Coaches no doubt will need to adjust practice itineraries and budget time wisely. Administrators need to remind staffs that the new era is dawning in the name of player safety, which is paramount to all parties.
“In game situations, coaches want our officials to throw the flag on late hits, low hits and other illegal contact,” Roberts said. “These are incidents that they have no control over. They do have control over practice time and teaching fundamentals; so let’s encourage safety measures that we can control, and employ those tactics to help the game prosper.”
Education will key the efforts to align coaches of all sports – and all levels – in the movement toward a healthy future. School will be in session during the next four years as the MHSAA implements effective and practical means for raising coaches’ preparedness. Three avenues are on the map:
First, the Representative Council mandated that beginning with the 2014-15 school year, all assistant and subvarsity coaches at the high school level must complete the same MHSAA rules meetings currently only required of varsity head coaches or, alternatively, one of the free online sports safety courses posted on or linked from the MHSAA Website that is designated as fulfilling this requirement.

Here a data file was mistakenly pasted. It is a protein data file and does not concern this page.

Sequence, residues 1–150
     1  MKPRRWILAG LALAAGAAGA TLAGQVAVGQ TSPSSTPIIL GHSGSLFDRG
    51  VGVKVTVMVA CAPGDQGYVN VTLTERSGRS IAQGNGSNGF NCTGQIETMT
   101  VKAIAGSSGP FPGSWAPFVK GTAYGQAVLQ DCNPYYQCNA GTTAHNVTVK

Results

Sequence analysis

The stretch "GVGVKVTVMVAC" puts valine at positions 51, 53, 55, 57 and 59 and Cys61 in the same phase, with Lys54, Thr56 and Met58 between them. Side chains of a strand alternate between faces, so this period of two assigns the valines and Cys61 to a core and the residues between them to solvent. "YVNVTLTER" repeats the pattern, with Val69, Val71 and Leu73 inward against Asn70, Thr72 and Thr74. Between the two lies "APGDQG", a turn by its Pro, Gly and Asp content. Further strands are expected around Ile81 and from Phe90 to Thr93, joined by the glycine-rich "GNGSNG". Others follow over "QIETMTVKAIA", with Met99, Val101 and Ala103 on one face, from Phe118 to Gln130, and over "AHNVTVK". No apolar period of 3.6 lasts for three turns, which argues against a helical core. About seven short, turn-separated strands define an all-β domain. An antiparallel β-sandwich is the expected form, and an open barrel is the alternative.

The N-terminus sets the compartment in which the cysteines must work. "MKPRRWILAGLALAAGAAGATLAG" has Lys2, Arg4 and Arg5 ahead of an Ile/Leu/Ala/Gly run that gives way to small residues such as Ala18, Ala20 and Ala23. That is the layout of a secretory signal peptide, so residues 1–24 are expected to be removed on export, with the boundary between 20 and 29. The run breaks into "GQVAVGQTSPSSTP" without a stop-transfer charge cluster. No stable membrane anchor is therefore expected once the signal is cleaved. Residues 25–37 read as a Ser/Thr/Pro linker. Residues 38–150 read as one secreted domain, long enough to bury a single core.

Second, it is proposed that by 2015-16, MHSAA member high schools will be required to certify that all of their varsity head coaches have a valid CPR certification.
Third, it is proposed that by 2016-17, any person who is hired for the first time to be the varsity head coach of a high school team, to begin after July 31, 2016, must have completed either Level 1 or Level 2 of the MHSAA Coaches Advancement Program. The MHSAA is preparing to subsidize some of the course cost for every coach who completes Level 1 or 2.
Together, these changes will move Michigan from one of the states of fewest coaching requirements to a position consistent with the “best practices” for minimizing risk in school sports and providing students a healthy experience.
At stake in these four thrusts – whether for an administrator, coach, official, student-athlete, parent or fan – are the environments that offer so many lessons and the games for which we root.